What you couldn’t do, however, was play with any of the original players. That’s because they were no longer licensed to appear in new games, which was technically the case even though it was in the form of emulating an old release. As a result, all players needed to be given fictional names and likenesses, which the developers clearly had fun with by making up punny monikers such as “Justin Tyme”. Interestingly, players who were in NBA Live 95 and still active in 2006, such as Shaquille O’Neal, also had to become fictionalised. For the record, Shaq’s new name was “Colossal Dwayne”.
Incidentally, this is why remakes of classic NBA games – whether they’re sim-oriented or arcade titles – generally aren’t feasible. While the NBA 2K series has done some amazing things with its historical content, there have obviously been some limitations. The rosters aren’t complete, and significant players have been missing from certain squads, even as recently as NBA 2K17. Remaking and rereleasing a game from the late 90s with complete and accurate rosters – or even one from the past decade or so – is highly unlikely to happen. There would need to be a lot of generic players, and that would severely limit a remake’s appeal and marketability.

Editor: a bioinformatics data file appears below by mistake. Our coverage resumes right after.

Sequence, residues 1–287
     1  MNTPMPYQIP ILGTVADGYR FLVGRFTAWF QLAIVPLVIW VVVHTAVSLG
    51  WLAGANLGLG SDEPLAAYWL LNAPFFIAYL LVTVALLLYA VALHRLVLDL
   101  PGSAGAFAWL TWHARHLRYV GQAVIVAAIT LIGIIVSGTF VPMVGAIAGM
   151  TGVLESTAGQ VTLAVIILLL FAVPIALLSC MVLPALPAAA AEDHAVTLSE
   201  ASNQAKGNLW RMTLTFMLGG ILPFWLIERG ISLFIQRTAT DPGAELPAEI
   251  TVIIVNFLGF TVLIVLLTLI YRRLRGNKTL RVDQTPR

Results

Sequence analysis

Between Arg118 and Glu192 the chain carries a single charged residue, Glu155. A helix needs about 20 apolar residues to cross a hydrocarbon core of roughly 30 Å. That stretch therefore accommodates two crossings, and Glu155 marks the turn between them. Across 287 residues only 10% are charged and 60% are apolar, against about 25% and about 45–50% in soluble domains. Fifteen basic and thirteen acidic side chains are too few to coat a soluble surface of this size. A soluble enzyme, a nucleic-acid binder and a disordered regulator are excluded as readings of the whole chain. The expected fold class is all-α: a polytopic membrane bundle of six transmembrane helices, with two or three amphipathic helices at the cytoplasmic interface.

That’s kind of how it was with the emulated version of NBA Live 95 in NBA Live 06 PS2. Without the actual players from that era, the nostalgic appeal was limited to the old gameplay, graphics, music, and team branding. There was appeal in that of course, but the experience was a little lacking without authentic rosters. Even without the ability to play through a Season or Playoffs, simply being able to play a full length exhibition game with the original rosters would have been a richer experience. That obviously wasn’t going to be feasible due to the aforementioned licensing issues, so EA Sports did what they could to get the content into the game.
With that in mind, they were able to provide a small taste of NBA Live 95. At the very least, it was a novelty; a bit of extra content to celebrate the origins of the series as much as they could, considering that their hands were tied as far as licensing all the necessary players. The emulation runs well and aside from the lack of real players, it’s more or less the NBA Live 95 experience. The Super Nintendo version would’ve been preferable as it actually featured a steal button, but it’s likely that technical or legal issues made the Genesis version more viable. On top of that, it’s not a feature that gamers were going to sink a lot of hours into, so it didn’t matter all that much.
Even as basketball games move forward and focus on the players of today, appealing to nostalgia clearly isn’t a bad idea. The historical content in NBA 2K has proven that, and including a playable version of NBA Live 95 in NBA Live 06 – albeit only in the NTSC PS2 release – was a nice gesture at the time. Of course, it’s fair to say that the limitations imposed on that emulation make it difficult to truly scratch the retro gaming itch. If authenticity is what you’re after, dig up the original copies and hardware, learn more about DOSBox and virtual machines, and step back in time with the old games that remain some of your all-time favourites.